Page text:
I talk to lots of people who are interested in renting my condo. One recent potential guest told me that her family usually vacationed in Corpus Christi but that they wanted to try out South Padre this year so that they could leave the car at home.
It may surprise even some of the people who live here that we are perceived as a walkable destination. But the SandBox Inn website makes a point of telling people all the places that are within an easy stroll, and that includes four restaurants, two with bars and one of those a beach bar, a movie theater, a convenience store, a liquor store, bike & buggy rentals, a coffee/gelato shop, multiple shops and a public beach access. Add the WAVE and the airport shuttles into the equation and you can see that it is in fact very easy to get by without a car in my neighborhood -- and I am not even in the “middle of things.” (Added bonus: Get enough folks thinking they don’t need their cars here and pfft! our parking problem disappears!)
An interesting article in the June issue of Atlantic Monthly has very nice things to say about high-density walkable urban mixed-use neighborhoods. These locales are retaining their property value better than the sprawling suburbs and they are the type of housing most desired by younger single adults as well as families. These are also the types of places people most want to visit on their vacations. There can be no doubt that as cars become more expensive to buy and maintain, the demand for mass transit between these walkable neighborhoods will continue to rise -- and SPI is tantalizingly close to meeting that ideal. Yay us!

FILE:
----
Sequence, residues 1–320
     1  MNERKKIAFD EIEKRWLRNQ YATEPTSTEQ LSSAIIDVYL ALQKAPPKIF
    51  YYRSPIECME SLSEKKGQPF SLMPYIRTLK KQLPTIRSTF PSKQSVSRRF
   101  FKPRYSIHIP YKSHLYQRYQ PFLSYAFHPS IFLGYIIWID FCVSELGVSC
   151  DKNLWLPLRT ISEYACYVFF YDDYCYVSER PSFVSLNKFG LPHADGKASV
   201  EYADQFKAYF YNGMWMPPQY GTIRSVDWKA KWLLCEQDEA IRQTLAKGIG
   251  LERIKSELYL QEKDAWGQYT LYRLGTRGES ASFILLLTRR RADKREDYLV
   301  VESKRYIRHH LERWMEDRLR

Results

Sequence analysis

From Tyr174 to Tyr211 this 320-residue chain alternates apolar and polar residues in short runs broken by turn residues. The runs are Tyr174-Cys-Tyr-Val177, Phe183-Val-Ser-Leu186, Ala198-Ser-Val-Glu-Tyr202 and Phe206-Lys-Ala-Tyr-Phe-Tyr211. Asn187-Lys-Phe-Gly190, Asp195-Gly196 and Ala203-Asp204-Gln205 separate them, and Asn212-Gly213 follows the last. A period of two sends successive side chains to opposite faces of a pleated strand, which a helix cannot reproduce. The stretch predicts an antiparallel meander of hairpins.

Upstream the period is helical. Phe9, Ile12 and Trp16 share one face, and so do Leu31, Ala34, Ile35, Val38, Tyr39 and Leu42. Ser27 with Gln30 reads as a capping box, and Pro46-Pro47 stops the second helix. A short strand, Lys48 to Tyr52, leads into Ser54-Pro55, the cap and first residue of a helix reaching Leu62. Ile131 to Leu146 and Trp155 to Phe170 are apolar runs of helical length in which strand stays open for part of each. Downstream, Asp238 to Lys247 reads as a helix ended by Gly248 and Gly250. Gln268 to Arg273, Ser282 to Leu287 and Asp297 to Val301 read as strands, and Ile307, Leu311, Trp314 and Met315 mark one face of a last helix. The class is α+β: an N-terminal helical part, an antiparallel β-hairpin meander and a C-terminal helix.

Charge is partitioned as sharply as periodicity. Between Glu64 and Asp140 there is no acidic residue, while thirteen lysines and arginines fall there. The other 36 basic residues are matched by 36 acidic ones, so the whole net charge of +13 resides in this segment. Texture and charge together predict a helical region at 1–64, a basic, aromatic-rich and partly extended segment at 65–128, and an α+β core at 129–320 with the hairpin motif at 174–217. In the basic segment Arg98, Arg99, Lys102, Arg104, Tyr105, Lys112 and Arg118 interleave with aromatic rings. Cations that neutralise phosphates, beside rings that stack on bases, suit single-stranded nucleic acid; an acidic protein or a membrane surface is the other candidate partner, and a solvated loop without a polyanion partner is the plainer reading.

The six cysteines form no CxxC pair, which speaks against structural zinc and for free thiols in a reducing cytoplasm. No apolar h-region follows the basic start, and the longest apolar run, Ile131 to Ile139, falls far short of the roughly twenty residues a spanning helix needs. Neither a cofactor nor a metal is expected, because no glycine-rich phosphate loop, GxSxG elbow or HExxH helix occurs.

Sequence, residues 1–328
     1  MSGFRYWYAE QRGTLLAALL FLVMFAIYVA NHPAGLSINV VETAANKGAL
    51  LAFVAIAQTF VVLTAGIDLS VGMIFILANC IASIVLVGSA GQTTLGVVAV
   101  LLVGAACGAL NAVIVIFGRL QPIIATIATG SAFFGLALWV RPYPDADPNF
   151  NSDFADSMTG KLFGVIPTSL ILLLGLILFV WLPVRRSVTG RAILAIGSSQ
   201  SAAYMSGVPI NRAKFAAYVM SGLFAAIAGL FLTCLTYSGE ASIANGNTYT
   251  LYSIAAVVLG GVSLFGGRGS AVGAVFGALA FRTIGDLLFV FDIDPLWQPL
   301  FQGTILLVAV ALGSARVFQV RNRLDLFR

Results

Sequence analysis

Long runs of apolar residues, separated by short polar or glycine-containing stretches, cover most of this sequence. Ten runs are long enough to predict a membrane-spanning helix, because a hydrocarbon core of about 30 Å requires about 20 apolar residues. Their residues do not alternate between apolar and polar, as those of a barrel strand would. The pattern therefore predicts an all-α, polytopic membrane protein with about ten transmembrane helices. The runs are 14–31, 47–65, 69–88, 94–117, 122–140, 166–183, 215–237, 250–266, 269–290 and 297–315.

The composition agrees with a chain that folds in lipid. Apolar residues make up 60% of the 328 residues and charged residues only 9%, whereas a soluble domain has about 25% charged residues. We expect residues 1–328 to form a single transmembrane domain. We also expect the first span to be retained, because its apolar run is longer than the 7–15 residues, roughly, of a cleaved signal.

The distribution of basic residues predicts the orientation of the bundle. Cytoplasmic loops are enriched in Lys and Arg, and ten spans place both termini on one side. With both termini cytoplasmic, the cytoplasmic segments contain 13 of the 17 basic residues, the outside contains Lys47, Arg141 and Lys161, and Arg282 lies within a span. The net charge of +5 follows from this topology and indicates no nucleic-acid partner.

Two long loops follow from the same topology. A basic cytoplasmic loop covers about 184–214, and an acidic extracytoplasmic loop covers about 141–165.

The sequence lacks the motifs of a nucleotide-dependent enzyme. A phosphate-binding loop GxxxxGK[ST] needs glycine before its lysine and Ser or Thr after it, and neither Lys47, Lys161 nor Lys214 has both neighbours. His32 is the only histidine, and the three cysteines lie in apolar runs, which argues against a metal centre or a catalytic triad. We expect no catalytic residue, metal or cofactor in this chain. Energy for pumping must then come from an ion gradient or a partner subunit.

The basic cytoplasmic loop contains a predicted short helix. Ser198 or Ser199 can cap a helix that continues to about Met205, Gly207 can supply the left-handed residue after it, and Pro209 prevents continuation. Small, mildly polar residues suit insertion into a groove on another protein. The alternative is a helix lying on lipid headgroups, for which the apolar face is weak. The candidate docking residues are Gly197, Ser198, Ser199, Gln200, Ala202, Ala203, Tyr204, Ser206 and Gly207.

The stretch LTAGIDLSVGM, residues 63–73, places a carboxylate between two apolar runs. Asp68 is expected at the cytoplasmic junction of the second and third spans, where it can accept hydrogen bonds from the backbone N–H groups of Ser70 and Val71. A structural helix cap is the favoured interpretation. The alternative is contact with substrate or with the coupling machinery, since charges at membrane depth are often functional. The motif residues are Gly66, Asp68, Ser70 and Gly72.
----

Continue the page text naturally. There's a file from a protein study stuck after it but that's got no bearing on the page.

The question is how do we get the high-speed rail that will make it easy and affordable for a family in Houston to pop down to the coast for the weekend? The Atlantic article suggests we look to private enterprise: Access to mass transit makes property values rise, so it is appropriate for developers to help fund their establishment.
Imagine with me if you will the idea of a second causeway that is designed not for cars but instead has just one lane for a high-speed train and another for bicycles - paid for largely by the developers who stand to benefit most from its placement.
Now _that is a second causeway idea that I could throw my support behind!